This can mean different things to different people. It could mean finally leaving your parent’s nest. It could mean stop renting. It could mean leave your roommates, and go at it solo… or anything else in between. Regardless of how you slice it, it stirs up the same emotions. Confidence. Independence. Pride. Yes, those are the happy-go-lucky ones. But for all of the “debbie-downers “out there, yes, there may also be some daunting feelings. Responsibility, maintenance and commitment. For many of us however, it’s a good and “well worth it” trade-off.
For me personally, the decision to move into my own place (condo, of course) after University was an intentional one. One that would force me to stay within the new boundaries of self-reliance and independence that I experienced out of town for post-secondary. It’s a slippery slope to fall back into your parents nest and all of the comforts that come with it. Despite good intentions of your folks, the habits of reliance, laziness and dependence can be hard to kick, and I didn’t want to take two steps back.
So there’s no time like the beginning of a New Year to start pursuing a dream. Nearly half of us do exactly that each January. However, for the 45% of us looking to make a fresh start, only 8% make it to the finish line. When it comes to the dream of home ownership however, I can’t help but wonder if we really even want to make it to the starting line. Are those that make up the large percentage of first time homebuyers even interested in homeownership anymore? I hear and read mixed reviews everywhere.
A recent Atlantic Monthly article in mid 2015 must also have sensed the confusion and tried to put some clarity around the allure of homeownership and whether or not Millennials have the means and/or the desire to buy their own homes. Have the views of home ownership changed for younger generations? The results showed that while both younger and older groups still felt it’s a smart goal – the young just didn’t feel it was achievable.
An article this week in the Toronto Star covered the Millennial generation (15-34 years of age) who total approximately 1.5M of the GTA population. True to their “digital native” label, they’re also described as the first generation who live their early adult life in urban centres. There’s still a fair amount of uncertainty though which has urged real estate associations to study the millennial home ownership decision making process to further understand them. What researchers do know already however, is that this younger generation is willing to spend a huge chunk of cash on rent, averaging $1800/month. But they’re selective and it’s not spent aimlessly. They often opt for something shiny and new, with a great view and great walkability. It’s often a new condo.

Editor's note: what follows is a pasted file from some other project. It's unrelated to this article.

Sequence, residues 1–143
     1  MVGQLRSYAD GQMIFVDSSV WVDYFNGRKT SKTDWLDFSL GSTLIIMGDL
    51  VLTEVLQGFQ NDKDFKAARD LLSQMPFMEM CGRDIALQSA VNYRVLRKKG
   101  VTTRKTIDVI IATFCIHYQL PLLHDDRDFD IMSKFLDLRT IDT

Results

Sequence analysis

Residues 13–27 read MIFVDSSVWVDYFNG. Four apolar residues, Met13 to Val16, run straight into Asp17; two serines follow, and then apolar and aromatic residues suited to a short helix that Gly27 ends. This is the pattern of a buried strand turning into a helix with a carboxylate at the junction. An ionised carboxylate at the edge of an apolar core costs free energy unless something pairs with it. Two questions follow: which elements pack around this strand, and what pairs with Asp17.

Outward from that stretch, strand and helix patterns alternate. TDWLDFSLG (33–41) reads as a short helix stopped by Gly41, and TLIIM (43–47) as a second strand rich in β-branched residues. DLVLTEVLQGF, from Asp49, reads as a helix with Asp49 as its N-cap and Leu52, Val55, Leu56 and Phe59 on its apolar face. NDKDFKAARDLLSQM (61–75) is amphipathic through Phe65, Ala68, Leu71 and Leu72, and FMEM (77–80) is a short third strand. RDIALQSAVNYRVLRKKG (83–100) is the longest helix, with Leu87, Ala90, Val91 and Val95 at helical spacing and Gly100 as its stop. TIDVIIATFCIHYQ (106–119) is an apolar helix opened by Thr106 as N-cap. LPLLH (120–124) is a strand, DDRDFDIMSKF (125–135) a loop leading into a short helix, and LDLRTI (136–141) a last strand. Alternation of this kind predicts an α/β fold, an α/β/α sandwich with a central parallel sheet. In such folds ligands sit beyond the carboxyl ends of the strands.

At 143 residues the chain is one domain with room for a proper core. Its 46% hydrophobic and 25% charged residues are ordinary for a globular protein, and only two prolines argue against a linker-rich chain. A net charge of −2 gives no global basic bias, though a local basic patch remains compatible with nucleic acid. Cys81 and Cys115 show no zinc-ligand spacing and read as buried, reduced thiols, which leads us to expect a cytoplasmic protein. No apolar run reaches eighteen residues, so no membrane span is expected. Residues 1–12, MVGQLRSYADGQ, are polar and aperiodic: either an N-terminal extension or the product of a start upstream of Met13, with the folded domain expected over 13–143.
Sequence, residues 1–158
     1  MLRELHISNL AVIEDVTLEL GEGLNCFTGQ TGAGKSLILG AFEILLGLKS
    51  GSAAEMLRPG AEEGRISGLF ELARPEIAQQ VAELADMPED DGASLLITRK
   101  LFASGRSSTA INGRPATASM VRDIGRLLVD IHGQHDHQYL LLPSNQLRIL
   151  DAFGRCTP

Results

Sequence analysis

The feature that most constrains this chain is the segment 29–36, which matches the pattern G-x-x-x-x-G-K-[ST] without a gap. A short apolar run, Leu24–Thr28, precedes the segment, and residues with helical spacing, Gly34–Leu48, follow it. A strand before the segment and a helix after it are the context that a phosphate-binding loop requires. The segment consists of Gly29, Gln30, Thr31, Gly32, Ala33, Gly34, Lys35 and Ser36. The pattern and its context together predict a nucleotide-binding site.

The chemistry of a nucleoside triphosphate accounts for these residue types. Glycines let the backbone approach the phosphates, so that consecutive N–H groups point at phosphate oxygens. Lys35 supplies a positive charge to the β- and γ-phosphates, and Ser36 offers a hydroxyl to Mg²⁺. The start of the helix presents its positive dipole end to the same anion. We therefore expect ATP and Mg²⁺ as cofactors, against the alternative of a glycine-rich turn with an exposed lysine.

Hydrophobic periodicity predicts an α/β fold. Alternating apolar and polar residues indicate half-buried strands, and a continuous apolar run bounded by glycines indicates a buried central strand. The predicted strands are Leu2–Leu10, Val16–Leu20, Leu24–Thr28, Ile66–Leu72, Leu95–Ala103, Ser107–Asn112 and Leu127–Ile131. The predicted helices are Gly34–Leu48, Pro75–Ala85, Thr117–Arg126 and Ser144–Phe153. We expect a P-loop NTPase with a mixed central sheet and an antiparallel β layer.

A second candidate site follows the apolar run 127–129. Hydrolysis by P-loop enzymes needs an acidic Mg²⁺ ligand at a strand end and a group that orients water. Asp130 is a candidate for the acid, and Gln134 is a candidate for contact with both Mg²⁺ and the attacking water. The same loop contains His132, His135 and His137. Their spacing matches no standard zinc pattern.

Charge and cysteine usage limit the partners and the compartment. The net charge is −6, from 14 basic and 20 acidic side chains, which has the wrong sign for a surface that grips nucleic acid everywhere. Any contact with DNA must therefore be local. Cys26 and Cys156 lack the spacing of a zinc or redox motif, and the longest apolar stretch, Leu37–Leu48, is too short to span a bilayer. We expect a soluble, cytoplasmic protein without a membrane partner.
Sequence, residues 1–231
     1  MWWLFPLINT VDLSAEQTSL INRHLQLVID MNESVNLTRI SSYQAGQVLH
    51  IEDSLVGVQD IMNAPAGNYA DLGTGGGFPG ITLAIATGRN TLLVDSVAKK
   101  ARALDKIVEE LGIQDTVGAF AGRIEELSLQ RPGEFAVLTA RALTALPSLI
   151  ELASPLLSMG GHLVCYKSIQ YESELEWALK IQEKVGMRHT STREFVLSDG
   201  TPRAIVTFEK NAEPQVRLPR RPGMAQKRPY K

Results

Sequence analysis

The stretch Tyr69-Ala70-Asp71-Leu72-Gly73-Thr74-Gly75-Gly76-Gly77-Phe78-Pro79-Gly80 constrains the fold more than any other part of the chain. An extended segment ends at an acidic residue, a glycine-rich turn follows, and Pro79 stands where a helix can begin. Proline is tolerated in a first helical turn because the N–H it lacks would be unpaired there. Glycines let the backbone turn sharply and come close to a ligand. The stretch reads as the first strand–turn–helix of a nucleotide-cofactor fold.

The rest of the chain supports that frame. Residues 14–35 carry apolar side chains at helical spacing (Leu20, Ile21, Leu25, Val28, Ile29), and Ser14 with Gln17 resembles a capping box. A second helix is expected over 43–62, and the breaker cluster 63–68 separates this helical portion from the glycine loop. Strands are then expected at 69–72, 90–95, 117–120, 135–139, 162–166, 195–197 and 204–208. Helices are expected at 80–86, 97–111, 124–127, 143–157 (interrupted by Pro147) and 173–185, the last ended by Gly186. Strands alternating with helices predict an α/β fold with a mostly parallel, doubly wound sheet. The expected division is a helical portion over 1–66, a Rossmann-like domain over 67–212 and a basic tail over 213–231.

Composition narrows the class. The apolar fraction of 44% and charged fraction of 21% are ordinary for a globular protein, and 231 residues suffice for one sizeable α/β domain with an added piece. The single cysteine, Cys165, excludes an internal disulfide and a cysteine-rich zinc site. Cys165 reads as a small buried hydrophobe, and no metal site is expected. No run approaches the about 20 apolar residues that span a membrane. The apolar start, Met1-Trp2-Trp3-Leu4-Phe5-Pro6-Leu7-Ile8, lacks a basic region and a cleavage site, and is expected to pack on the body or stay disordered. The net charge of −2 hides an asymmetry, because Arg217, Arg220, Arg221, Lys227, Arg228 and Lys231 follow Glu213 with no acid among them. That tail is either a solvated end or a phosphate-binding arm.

But what happens when they get tired of paying rent? It seems more and more women at least, are feeling that way.
The inaugural issue of Women’s Health 2016 categorized four types of the modern woman and coined “the homeowner” as one of them. Women are delaying marriage, pursuing more education and also buying more real estate independently, looking to pursue long term wealth.
According to Robert Kavic of BMO Capital Market, if you’re forming a household or just tired of paying rent, you may as well pay yourself first. That’s the prime law of personal finance.
And it doesn’t always have to be done in the traditional way. One article cited that the weighted combination of down payments is changing. Gifts from supporting family are now forming a larger portion than financial institution loans. Prices are not cheap, but they are achievable for many. And if it makes you feel any better, Toronto’s price to income ratio for housing affordability isn’t number one on the list (Vancouver is).
But just like any other goal – you need to break it down into smaller pieces. (Hopefully we all know by now that your resolution to “lose weight” has a far lower success rate than, “Hit the gym four times a week.”) According to financial behaviourists, this helps you to focus on what your immediate needs are. It can be done. So for those of you interested, read on for Step 1.
Decide how much you want to save and by when, this establishes milestones . This will also help shape the road you travel moving forward – for example – if you want to save $10,000 this year – $/month – you may decide to skip that latte on weekday mornings or order in less and decide to don your apron and do more home cooking. The small choices you make will add up. And remember you don’t have to do it alone. There’s a lot of help waiting for you in the form of government programs as well as financial institutions.
Get ready for the thrill!
Feature Image Source: Toronto Star / Dreamstime